Plus, I wish she would have mentioned that one of the easiest ways to stay decluttered is to buy fewer things, shop with awareness, and let don't let junk make it past the front door. She thoroughly covers having a habit of regularly removing unused items from the home, but being more conscious of what's coming in makes decluttering every month unnecessary. By reducing what I bring into my home and avoiding thoughtless impulse buys, I've found that I only need to declutter once a year.

The Life Changing Magic of Tidying Up by Marie Kondo

INFPs are known for seeing life in inanimate objects. Our imaginations transforms the world into a Toy Story like place. There's the happy little tea cup and the melancholy pair of worn out shoes. I think because of that, I found this book unexpectedly entertaining. When Kondo mentioned appreciating items for their hard work and service, I totally understood.

I don't think any organization book perfectly "solves it all," but I did find some useful information in her book that made a difference.

I like to see results, and it's hard to see that when you're only letting go a few items at a time. Kondo's decluttering method is nuclear. All of the other books on this list have incremental decluttering methods, which is fine. But if you want to quickly see the difference in your environment, Kondo is the weapon of choice.

It is intense and takes time, but I like intense, and I like that as long as I am selective about what I add for now on, I will never have to declutter like that again in my life. And after going through something as dramatic as a Kondo declutter, you'll think twice about buying something just because it's on sale.

Even if you decide that going nuclear isn't for you, I still think that as you declutter, it's a good idea to think of what each item you own means to you. If it has no place, let it go.

When it comes to the concept of only holding on to what "Sparks Joy," INFPs have an advantage. Since we are introverted feeling users, we judge things by if they fit into what's meaningful to us. Things that are meaningful spark joy, and since we work this way all the time, holding items and thinking "Does this make me happy? Does this say what I want it to about who I am? Does it bring back ugly memories?" comes quite naturally. In fact, I found that I didn't have to think hard about it at all. What brought me joy was almost obvious.

Even letting go of books that I no longer found inspiring didn't hurt, because I couldn't help smiling when I thought of how after I donated them, they'll find a nice home with someone who will get the same enjoyment out of them that I used to. They'll be happier books if they're used instead of collecting dust on my shelf, crying out "Please read me!" Plus letting go of old books made room for new books that are a more accurate reflection of who I am now, not of who I used to be.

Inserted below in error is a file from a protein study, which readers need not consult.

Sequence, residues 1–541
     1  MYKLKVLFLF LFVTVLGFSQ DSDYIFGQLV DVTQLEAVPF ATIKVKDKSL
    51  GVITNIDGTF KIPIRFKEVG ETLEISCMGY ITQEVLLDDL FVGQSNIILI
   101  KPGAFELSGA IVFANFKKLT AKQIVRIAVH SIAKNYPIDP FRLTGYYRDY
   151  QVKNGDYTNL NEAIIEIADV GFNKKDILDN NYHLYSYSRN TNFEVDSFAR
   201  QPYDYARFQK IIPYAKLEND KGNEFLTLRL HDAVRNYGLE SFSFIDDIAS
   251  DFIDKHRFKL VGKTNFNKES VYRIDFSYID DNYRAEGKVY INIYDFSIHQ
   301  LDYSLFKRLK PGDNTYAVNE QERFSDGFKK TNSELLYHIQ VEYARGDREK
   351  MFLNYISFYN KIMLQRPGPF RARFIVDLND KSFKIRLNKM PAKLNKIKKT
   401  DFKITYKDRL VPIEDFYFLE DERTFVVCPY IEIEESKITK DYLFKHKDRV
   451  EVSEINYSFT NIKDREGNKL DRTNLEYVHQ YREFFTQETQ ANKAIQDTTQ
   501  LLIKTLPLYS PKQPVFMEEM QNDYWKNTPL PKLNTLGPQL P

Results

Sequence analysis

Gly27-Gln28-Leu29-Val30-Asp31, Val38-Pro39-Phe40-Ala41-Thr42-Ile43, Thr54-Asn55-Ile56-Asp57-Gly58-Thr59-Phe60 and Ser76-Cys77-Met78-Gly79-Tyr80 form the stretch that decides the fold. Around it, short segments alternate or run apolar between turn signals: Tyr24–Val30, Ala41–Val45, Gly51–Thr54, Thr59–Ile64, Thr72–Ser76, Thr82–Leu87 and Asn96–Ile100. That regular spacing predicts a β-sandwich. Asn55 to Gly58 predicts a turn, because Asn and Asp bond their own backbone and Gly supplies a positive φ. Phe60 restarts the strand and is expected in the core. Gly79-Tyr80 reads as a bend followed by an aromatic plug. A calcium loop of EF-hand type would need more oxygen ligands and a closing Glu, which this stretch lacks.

Still, Kondo's book has limited help for visual organizers. Real-life Organizing is a better choice for that.

Simple Matters by Erin Boyle

I've read many minimalist books, and this one is among my favorites. Ideas that I've integrated into my life from this book:

  • Focus on keeping the items that I use every day and reduce the rest. 
  • Let go of things that used to be useful or were never useful. (Makes me think of my past collections of hair products) 
  • Create limits for collections.
  • Buying something new won't always solve my problems. See if my problems can be solved with something I already own first.
  • Decorate with ephemera, fresh flowers, candles, and other items that I already own.
  • Try using containers that I already have to organize before buying new stuff. 
  • Keep basic foods that we eat regularly (like grains, beans, salad) in stock. 

I like how this book covers everything from keeping a simple wardrobe to simple DIY cleaning recipes.

The thing is, when you're a disorganized creative person, keeping things simple and straight forward is key, and that includes everyday necessities like chores and meals. By living a lifestyle that's not too hung up on material needs, I can focus more on my ideas.

Although these books are great, I realized that INFPs tend to have a tumultuous relationship with organizing their environments, projects, and time. So lately, along side my novellas, I've also been working on a short book about organizing and accomplishing things tailored more for INFPs. It's been fun working on it, and I'll be sharing more about it in the future. 💖